Have you watched the American comedy series Silicon Valley? Set around a group of young men and their attempts to found a company, the show immerses viewers in the start-up world of California. It is a universe of striped T-shirts and sneakers, big ideas and great struggle, many failures and the one big breakthrough. Walking into Zomato’s Chattarpur office feels akin to that. Cars line the driveway of this office, located on the southern extremities of Delhi. The office/farmhouse is said to contain a gym, a swimming pool and an outhouse. Wrists and fists, more attuned to the keyboard than the boxing ring, try their luck at a punching bag suspended at the entrance of the building. The building itself, one must mention, is not the glass and steel archetype. It is more like the shell of a Kabhi Khushi Kabhie Gham bungalow. An imperial staircase ascends and descends from the middle of the foyer. Techies of all shapes and sizes (all young) fix coffee at the machine in a nook, help themselves to samosas, pore over computer screens and tap away on their phones. But the man of the moment is clearly Deepinder Goyal, the founder and chief executive officer of Zomato.
When we meet, the 34-year-old is amiable, warm, but preoccupied with tasks that don’t involve entertaining the media. It has been a busy time for Zomato, clear from the news alerts that ping away on one’s computer screen. In the last month itself, the headlines around it ranged from ‘Zomato waives off reservation fee for restaurants as it looks to widen its restaurant base’ to ‘Zomato acquires stake in home chef aggregator TinMen’ to ‘Zomato announces Runnr acquisition in all stock deal’ to ‘Nomura bullish on Zomato, pegs valuation at $1.4 billion’. Today, Goyal might have plenty to smile about. But since its founding in 2008, the company has seen plenty of ups and downs. Goyal, who founded the company with Pankaj Chaddah, has been both the darling of the media and the Icarus who rose too high and too fast.
The year 2015-16 was particularly hard for the Indian food-delivery and discovery platform, which had previously been hailed as an Indian unicorn (a startup company valued at over $1 billion). In October 2015, the headlines told an altogether different story, as Zomato, which had operations in 22 countries, readied to dismiss 250-300 employees (which would affect about 10 per cent of its workforce), many of them in the US, as part of a global restructuring exercise. While it has repeatedly been hailed as one of India’s rare start-up successes, 2015-16 proved just how fickle the bubble of success could be. As Quartz reported in May 2016, ‘From devaluation to layoffs, the online restaurant discovery portal seems to have lurched from one PR disaster to another over the last few months. On May 25th, Zomato again made news for the wrong reasons when its annual earnings were reported. Losses at the Gurgaon-based company widened four times in the fiscal year of 2016, further underscoring the tenuous condition of India’s food technology startups.’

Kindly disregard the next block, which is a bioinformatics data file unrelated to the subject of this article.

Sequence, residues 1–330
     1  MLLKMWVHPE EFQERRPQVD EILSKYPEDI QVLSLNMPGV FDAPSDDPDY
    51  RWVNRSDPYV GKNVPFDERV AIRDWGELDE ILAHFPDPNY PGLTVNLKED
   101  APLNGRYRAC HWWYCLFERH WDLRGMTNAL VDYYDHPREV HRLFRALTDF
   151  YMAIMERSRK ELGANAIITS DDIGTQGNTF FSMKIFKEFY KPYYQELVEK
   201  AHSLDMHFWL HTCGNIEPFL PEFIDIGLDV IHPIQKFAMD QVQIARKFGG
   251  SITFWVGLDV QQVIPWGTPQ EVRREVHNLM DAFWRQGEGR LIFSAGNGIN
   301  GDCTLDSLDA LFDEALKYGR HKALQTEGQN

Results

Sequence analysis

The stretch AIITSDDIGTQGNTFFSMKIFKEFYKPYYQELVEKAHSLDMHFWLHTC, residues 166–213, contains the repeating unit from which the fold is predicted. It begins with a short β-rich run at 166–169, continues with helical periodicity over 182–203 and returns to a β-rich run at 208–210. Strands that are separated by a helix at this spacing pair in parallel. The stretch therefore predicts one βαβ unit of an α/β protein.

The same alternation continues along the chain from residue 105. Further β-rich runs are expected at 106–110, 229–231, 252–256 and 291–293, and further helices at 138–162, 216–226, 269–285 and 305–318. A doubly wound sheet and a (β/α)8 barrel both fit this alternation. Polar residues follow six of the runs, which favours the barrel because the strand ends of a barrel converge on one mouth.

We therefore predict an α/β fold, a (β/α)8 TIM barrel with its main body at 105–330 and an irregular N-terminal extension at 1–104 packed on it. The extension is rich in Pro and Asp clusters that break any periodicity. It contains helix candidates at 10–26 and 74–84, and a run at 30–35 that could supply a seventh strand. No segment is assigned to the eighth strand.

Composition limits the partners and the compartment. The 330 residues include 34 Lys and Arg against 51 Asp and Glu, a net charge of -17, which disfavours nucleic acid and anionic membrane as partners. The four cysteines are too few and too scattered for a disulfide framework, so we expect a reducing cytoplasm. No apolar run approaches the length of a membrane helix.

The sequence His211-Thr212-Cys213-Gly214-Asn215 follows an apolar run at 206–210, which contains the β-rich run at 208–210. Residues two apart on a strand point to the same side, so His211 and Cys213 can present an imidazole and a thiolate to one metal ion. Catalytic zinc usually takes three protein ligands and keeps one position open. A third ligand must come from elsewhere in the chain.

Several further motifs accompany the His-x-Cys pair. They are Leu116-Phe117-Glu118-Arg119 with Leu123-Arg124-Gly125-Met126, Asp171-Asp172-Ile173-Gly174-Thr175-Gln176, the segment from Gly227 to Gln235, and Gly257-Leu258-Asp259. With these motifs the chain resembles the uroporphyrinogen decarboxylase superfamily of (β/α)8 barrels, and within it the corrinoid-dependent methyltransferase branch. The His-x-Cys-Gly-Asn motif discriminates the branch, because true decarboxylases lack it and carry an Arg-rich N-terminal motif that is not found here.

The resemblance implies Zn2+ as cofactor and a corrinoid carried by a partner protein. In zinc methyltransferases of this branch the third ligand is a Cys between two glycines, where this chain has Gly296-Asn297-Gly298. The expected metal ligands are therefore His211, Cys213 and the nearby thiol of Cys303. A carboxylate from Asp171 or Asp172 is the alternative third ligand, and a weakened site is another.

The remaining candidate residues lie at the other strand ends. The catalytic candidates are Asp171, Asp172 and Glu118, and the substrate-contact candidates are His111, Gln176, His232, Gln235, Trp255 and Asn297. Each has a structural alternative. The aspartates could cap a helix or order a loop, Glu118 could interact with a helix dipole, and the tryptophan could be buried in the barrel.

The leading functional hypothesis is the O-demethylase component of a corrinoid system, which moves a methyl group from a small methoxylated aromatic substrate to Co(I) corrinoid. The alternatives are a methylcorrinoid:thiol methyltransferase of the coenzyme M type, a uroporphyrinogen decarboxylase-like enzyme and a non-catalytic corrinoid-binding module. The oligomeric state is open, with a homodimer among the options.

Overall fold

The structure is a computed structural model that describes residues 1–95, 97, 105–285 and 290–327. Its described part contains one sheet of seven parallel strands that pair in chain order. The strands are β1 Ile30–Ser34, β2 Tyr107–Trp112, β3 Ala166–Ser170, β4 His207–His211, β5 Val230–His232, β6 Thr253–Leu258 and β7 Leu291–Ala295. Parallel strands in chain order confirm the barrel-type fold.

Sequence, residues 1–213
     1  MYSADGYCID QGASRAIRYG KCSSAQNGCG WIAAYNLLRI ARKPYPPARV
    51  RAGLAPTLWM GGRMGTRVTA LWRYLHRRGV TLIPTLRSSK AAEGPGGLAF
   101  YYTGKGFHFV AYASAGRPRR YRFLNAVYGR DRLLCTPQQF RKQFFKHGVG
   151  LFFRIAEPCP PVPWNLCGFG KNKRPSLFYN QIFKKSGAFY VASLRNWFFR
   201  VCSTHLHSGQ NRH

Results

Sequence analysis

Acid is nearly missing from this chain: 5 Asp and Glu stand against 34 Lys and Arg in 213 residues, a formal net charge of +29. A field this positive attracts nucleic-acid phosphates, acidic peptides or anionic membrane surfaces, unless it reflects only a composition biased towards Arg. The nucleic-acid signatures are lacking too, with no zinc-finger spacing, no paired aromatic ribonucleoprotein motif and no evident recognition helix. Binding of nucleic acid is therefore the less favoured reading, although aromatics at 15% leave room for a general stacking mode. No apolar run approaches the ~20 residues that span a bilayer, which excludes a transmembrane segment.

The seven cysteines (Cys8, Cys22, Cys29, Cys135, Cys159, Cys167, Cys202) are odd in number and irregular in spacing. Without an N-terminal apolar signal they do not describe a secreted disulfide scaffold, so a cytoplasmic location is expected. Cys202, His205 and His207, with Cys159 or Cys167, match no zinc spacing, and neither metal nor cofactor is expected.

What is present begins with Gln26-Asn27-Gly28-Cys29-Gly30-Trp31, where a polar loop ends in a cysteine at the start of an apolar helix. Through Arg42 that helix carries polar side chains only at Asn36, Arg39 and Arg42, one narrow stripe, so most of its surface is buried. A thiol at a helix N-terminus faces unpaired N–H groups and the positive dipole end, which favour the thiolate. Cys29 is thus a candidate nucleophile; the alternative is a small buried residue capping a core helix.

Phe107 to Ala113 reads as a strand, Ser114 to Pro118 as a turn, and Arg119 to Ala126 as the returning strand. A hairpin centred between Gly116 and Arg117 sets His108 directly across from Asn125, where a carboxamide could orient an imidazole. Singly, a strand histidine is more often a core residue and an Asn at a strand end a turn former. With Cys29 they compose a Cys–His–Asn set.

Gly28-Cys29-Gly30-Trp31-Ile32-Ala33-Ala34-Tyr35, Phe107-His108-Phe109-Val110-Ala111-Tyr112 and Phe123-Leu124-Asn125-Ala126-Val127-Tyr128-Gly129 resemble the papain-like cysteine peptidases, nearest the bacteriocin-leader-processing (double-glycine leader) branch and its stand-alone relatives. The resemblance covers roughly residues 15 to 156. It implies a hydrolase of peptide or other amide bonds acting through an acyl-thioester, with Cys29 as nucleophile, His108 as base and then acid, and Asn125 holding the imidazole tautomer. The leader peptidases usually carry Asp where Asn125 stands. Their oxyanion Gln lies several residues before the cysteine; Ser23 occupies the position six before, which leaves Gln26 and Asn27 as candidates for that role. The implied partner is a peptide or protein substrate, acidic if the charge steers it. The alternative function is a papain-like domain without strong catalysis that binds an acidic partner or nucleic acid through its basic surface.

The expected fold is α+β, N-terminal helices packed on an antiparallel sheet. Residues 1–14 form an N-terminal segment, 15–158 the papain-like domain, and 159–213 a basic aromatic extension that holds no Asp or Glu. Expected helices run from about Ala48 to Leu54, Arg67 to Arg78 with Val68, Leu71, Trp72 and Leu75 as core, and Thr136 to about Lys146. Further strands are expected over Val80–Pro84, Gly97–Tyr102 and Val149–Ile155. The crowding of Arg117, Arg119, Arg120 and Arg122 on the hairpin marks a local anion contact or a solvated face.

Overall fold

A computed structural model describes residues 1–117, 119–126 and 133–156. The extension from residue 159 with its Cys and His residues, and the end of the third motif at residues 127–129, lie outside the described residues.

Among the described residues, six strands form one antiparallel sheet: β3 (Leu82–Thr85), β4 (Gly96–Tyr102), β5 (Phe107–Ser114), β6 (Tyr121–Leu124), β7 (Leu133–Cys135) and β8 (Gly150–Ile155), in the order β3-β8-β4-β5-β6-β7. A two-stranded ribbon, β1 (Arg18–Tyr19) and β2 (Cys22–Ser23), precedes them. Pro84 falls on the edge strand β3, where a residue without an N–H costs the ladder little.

The usually gung-ho CEO himself turned circumspect. Using the Zomato blog as his mouthpiece, he reflected on the hardships of 2015 in early January 2016. The IIT Delhi graduate who had worked at Bain and Company as a senior associate consultant before starting Foodiebay.com, which was renamed Zomato in 2010, had had much to ponder. As he wrote on Zomato’s blog: ‘2015 was truly our year of learning. We learned while doing things we had been doing for a while, and we learned while venturing into uncharted, unfamiliar territory.’ The year had taught him crucial life lessons: don’t scale too fast; don’t pick a fight with everyone; never take your eye off the revenue figures; you can only improve what you can measure; tough times don’t last, tough people do; learn from others; and more importantly, don’t try to reinvent the wheel.
Less than two years later, Goyal seems to exude equanimity. How did he deal with the hard times? He says, “There is no such thing as good times or hard times. Every day is a mix of both. In here, you are used to that. Even during the worst days, there are good things that happen every day.”
The ease with which he says this reveals not only a confidence, but also betrays a glibness. He uses his entries on the Zomato blog as his ‘mann ki baat’; the rest of it is just spiel.